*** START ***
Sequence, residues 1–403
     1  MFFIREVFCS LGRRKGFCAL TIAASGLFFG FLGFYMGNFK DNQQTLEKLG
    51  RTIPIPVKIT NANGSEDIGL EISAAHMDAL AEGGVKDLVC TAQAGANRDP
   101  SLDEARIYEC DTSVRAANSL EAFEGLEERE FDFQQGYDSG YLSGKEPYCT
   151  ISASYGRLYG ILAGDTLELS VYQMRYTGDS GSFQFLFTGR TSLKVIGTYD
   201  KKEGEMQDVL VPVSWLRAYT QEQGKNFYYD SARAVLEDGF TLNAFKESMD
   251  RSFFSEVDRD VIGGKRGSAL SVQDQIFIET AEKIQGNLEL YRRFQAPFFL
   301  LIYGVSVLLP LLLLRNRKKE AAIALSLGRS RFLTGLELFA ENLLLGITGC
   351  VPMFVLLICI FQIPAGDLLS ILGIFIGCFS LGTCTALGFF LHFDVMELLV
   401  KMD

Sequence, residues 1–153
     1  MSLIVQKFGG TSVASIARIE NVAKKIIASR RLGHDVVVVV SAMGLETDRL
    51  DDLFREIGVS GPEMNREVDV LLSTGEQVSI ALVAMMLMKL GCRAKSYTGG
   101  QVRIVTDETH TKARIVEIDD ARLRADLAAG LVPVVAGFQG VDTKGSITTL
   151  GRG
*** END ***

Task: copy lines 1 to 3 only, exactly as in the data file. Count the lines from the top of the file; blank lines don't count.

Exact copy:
Sequence, residues 1–403
     1  MFFIREVFCS LGRRKGFCAL TIAASGLFFG FLGFYMGNFK DNQQTLEKLG
    51  RTIPIPVKIT NANGSEDIGL EISAAHMDAL AEGGVKDLVC TAQAGANRDP